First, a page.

4 tips for financially surviving a Florida divorce
Divorcing spouses should avoid driving up legal costs, forgetting taxes, skipping long-term financial planning and pursuing assets with hidden expenses.
In 2015, the Florida Department of Health reported that the state’s divorce rate was on the decline. That year, the percentage of divorces relative to the population hit its lowest mark in more than 55 years, according to WCTV. Still, despite this gain, the risk of divorces may still be significant for local couples, as Florida sees a higher rate of divorces than the rest of the U.S.
For the many state residents who navigate this process each year, the associated financial challenges are not trivial. Divorce can introduce immediate legal expenses, increased living costs and numerous other financial hurdles. This makes it essential for spouses in Florida to understand how to reduce their risk of financial distress both during and after divorce.
1. Plan realistically
People who are eager to end the divorce process may focus only on the short term, without weighing the long-term impacts of their financial decisions. It is critical for divorcing spouses to realistically evaluate their income, assets and likely future expenses. Keeping in mind that costs such as insurance and rent often rise post-divorce, spouses should make a working budget. This can help spouses know how much financial support or liquidity they may need immediately after the divorce and during the following years.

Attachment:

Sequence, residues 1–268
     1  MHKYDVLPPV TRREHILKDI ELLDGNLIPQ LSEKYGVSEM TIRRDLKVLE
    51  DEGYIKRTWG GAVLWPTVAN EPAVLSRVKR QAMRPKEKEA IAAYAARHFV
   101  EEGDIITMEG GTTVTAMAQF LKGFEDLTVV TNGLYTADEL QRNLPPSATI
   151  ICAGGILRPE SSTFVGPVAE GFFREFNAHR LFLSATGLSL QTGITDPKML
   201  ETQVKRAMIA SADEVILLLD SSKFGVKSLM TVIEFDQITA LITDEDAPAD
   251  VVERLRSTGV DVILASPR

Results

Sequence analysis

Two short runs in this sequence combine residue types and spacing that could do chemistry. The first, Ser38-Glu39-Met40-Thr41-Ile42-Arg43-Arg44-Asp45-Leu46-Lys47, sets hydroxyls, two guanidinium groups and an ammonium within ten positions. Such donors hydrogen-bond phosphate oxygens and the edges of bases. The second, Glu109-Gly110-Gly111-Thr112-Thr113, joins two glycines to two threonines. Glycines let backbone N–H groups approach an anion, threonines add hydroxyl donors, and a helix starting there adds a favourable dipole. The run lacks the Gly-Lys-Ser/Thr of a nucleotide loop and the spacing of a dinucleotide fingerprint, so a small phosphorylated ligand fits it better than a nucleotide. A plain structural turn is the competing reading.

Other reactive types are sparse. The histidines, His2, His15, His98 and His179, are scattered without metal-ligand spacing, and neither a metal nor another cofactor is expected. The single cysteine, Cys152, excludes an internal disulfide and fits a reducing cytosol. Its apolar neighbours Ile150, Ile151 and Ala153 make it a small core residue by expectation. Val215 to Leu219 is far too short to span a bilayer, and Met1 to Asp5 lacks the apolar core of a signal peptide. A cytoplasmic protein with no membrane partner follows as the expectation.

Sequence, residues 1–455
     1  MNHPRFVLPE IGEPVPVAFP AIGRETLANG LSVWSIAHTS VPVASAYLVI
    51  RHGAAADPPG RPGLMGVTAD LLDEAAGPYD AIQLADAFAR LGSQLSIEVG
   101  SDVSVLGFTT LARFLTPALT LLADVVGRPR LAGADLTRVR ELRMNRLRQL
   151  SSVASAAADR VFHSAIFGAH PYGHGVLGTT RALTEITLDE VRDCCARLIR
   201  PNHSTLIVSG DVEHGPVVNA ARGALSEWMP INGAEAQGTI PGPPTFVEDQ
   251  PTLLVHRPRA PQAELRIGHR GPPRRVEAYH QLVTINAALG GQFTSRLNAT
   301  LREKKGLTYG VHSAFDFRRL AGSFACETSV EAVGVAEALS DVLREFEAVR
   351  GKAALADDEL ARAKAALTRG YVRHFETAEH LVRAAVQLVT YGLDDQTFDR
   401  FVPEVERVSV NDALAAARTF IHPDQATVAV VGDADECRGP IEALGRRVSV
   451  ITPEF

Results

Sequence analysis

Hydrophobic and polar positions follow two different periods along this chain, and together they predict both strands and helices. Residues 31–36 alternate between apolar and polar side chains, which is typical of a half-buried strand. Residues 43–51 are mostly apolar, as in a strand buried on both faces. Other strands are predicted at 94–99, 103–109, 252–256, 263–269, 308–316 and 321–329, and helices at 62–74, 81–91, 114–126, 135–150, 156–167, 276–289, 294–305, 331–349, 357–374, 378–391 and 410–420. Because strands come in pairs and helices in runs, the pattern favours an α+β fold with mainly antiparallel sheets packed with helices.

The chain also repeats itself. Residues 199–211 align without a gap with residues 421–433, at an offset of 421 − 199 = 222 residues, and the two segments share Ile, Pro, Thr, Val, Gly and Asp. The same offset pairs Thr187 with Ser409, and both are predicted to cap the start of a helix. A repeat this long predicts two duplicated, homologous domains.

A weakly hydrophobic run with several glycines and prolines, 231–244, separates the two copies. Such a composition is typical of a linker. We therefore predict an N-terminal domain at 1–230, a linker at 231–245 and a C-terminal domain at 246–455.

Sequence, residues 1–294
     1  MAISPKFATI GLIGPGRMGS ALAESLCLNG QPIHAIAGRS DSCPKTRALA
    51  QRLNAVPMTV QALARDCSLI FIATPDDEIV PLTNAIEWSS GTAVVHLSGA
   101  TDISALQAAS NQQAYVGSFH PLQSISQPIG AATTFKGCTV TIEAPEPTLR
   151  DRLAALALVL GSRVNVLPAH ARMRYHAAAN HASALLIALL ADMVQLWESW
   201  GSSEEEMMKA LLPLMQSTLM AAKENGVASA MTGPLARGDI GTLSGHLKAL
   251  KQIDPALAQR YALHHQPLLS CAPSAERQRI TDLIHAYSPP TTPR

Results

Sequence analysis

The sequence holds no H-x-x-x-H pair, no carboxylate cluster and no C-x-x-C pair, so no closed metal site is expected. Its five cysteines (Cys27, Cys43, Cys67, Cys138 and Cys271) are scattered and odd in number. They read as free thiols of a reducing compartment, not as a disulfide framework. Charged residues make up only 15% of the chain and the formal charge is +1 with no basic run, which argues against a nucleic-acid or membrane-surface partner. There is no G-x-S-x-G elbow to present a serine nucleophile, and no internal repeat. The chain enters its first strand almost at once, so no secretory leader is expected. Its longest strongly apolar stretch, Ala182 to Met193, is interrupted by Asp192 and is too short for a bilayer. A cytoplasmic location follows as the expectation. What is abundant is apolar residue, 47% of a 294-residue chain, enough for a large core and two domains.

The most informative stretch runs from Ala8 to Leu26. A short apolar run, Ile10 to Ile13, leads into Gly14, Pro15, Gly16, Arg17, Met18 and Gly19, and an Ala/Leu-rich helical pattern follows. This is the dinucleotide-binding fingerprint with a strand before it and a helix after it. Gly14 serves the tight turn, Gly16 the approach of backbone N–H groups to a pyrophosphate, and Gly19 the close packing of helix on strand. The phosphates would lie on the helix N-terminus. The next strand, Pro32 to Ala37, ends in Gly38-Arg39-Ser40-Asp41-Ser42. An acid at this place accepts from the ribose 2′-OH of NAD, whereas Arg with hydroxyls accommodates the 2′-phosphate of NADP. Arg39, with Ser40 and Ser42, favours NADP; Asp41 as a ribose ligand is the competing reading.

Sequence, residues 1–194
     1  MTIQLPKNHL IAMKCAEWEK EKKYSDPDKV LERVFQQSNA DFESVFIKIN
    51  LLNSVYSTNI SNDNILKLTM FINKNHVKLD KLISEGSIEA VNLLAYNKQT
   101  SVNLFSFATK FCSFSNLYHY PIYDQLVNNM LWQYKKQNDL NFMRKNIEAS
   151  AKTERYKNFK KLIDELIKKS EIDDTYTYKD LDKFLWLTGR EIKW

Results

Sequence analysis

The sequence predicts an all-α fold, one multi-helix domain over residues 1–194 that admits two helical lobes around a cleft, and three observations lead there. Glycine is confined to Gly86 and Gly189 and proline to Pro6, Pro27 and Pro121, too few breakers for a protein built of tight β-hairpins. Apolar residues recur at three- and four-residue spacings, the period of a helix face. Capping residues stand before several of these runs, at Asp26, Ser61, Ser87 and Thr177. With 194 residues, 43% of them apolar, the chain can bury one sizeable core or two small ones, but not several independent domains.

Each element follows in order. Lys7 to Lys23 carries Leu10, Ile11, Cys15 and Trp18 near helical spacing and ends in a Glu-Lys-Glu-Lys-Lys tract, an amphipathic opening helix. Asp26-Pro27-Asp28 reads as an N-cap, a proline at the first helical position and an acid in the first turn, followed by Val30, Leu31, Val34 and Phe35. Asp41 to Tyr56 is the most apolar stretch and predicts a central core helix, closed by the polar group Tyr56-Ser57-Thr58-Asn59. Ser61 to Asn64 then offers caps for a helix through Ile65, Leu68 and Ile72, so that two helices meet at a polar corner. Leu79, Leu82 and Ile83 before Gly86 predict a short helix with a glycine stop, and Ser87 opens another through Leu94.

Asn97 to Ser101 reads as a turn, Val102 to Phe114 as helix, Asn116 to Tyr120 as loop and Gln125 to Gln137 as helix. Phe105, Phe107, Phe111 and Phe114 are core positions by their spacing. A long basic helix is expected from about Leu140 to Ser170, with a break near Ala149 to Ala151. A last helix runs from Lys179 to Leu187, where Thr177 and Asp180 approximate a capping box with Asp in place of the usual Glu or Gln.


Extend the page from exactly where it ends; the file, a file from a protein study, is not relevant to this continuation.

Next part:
2. Choose assets carefully
Spouses similarly should be careful to avoid making emotional or short-sighted choices when deciding which assets to pursue during marital property division. It is not uncommon for spouses to want to keep assets with sentimental value, such as the marital home. However, this can cause a spouse to lose out on other valuable property, such as retirement accounts or liquid funds. Furthermore, many spouses may overlook the hidden costs of emotionally meaningful assets, such as the time and money needed to maintain and insure a house.
3. Remember taxes
Different divorce settlements can carry markedly different tax implications. Therefore, it is crucial for spouses to account for the taxes associated with the following assets or forms of financial support:
- Real property
- Investment and retirement accounts
- Temporary or long-term alimony
Oversights on this front can be costly, as The Wall Street Journal points out. For instance, a tax-deferred retirement account and an account funded post-tax may have the same apparent value, but the true worth of the first account will decrease significantly when taxes are eventually taken out.
4. Pick battles wisely
Many people may hurt themselves financially by deliberately prolonging divorce-related disputes to get back at the other spouse, according to USA Today. It is important for spouses to protect their financial interests and seek a reasonable settlement. However, excessive or unreasonable fighting serves only to reduce the amount of money that is left for both spouses to divide.
To avoid the many common financial pitfalls associated with divorce, spouses should seek the assistance of an attorney. A lawyer may be able to help a person evaluate his or her long-term needs and goals, then pursue a settlement that meets those objectives.